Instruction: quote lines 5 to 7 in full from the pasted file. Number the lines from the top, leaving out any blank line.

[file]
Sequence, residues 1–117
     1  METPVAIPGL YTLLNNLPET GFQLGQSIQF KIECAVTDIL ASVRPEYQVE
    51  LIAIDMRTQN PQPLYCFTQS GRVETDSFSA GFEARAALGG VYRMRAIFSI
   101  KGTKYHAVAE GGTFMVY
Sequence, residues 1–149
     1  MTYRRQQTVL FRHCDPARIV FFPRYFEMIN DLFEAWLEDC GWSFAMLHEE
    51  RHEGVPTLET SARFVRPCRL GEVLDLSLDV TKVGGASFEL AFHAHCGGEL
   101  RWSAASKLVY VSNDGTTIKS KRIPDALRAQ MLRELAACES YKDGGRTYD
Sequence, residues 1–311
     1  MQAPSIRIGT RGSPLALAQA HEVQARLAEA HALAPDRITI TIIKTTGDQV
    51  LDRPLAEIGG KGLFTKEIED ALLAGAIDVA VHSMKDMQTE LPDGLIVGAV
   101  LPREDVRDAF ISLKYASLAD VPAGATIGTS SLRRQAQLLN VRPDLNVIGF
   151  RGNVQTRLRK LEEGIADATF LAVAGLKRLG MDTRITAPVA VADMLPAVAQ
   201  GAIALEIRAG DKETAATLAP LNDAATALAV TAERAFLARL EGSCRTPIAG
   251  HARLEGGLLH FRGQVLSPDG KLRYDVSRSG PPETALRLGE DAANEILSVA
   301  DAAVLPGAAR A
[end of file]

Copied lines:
Sequence, residues 1–149
     1  MTYRRQQTVL FRHCDPARIV FFPRYFEMIN DLFEAWLEDC GWSFAMLHEE
    51  RHEGVPTLET SARFVRPCRL GEVLDLSLDV TKVGGASFEL AFHAHCGGEL